The Fact Checking Fun House: Crossroads GPS vs. Team Obama

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Have you seen the latest Crossroads GPS fact check of the Obama Campaign fact check of a Crossroads GPS ad that relies on a fact check by Politifact, but fails to point out that Politifact called the same ad “mostly false”?

No? Well, then. You have come to the right place. Though we must caution: If you continue reading this post, you do so at significant risk your own faith in the American Democratic process.

It all began earlier this week, when Crossroads GPS, a giant non-profit that shields its donors from public disclosure while seeking the total destruction of the Democratic Party in a technically non-partisan (but completely partisan manner), put out this swing state ad with a $25 million buy:

Not the prettiest ad, but it gets its point across. (By the way, count me as one consumer who thinks ad creatives should be fired on the spot whenever they suggest making an old fashion product–like opposition research, or pain pill–compelling by using a tablet computer, or touch screen wall, in the ad. Respect your audience, people. We are not third graders.)

Once upon a time, an ad like this would run, and that was it. Then newspapers like the New York Times started running fact checks of campaign ads. Now everybody fact checks everybody, including other fact checks, which brings us to what happened next. Stephanie Cutter, the Obama Campaign’s deputy fact checker campaign manager, released this video:

Notice the potty mouth. This is a problem with the Chicago operation. Ever since Campaign Manager Jim Messina called rumors of a billion dollar fundraising haul “bullsh*t” in this video, there has been no holding back the various official pronouncements from Chicago evoking the livestock excrement. It appears to be a straight talk short cut.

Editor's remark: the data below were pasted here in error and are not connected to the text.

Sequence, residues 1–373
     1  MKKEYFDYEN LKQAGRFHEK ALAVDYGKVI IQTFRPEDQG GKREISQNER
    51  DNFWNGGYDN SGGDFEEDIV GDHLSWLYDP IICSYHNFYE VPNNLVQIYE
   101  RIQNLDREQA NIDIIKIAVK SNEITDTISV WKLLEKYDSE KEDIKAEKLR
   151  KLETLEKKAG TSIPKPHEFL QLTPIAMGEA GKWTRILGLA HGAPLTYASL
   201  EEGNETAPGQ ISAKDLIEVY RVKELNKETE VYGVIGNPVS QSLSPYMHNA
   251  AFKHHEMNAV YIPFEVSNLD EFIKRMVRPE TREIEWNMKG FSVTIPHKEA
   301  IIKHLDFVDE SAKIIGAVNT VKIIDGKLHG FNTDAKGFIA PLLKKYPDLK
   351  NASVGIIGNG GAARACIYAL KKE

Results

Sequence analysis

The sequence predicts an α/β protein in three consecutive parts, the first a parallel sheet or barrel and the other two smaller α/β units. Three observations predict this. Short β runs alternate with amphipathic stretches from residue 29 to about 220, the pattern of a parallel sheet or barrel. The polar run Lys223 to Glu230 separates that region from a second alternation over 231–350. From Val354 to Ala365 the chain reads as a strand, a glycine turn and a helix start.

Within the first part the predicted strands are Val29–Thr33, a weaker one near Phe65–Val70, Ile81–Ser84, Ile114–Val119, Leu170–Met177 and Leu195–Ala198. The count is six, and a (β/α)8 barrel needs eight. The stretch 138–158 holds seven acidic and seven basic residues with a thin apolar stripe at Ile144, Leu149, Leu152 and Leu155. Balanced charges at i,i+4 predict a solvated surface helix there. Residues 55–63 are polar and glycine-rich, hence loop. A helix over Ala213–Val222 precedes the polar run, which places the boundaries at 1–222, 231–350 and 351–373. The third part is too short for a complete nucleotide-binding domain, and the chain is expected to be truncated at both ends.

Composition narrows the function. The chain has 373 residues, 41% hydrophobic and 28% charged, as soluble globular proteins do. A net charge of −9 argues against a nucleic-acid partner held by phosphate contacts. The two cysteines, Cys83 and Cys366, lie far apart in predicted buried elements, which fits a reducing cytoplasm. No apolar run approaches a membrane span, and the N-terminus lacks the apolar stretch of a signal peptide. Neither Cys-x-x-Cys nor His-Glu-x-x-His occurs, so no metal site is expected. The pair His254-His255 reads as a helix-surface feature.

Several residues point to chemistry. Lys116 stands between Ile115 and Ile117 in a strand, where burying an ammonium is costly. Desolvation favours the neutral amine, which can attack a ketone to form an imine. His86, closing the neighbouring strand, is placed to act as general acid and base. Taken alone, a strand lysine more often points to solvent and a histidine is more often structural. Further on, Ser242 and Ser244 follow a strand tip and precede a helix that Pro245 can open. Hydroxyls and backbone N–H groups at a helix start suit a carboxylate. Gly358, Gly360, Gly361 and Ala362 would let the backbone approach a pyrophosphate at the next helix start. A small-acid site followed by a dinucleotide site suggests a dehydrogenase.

Well, that would be that, except it’s not. Crossroads GPS’s Steven Law, who certainly looks like someone unlikely to swear in public, just had to respond with a video of his own, fact checking Cutter’s fact check. And so we get this:

Notice how they dropped in a reference to Politifact there. Kind of crafty, unless you go to the actual Politifact site, where you can find a page about the same ad that looks like this.

Kind of off message. Except it won’t matter. All these videos a niche products, designed to be consumed by people who like to get their information from ideologically filtered sources. The original Crossroads GPS ad was intended to distort Obama’s record negatively, and the Cutter response was intended to distort Obama’s record positively, and the sort of voter who has yet to make up their mind about the 2012 election is almost certainly not going to take a lot of time to sort through all of these distortions. In other words, these campaign “fact checks” should not be read as fact checks in the classic sense. They are persuasion efforts, first and foremost.

But for those few of you who are still reading at this point, there is some hope for finding a way out of the hall of mirrors that is the 2012 Fact Check campaign. Glenn Kessler, of the Washington Post, has done a fine close read of the Crossroads GPS spot, which he concludes “goes to far” and tars with a “Pinnochio” as punishment. The aforementioned drills further down on the tax portion of the Crossroads attack, and finds it, um, “bogus.” Politifact, as previously mentioned, calls the same tax claims “mostly false.”

Reality exists. You just have to work to find it.

CORRECTION: In the original version of this post about fact checking, I got a key fact wrong. The Crossroads GPS correction of the Obama campaign correction of their ad cited Politifact, not, as I originally wrote. To add to the irony here, I was alerted to this fact in an email from the people at Crossroads GPS, who are, it seems, ever vigilant. I apologize for my mistake, and have updated the post above at 8:45 p.m. on Friday. The correction doesn’t change my argument, since both Politifact and took issue with the accuracy of the Crossroads GPS ad. But it does underscore my conclusion: You have to work to find reality. I initially did not work hard enough.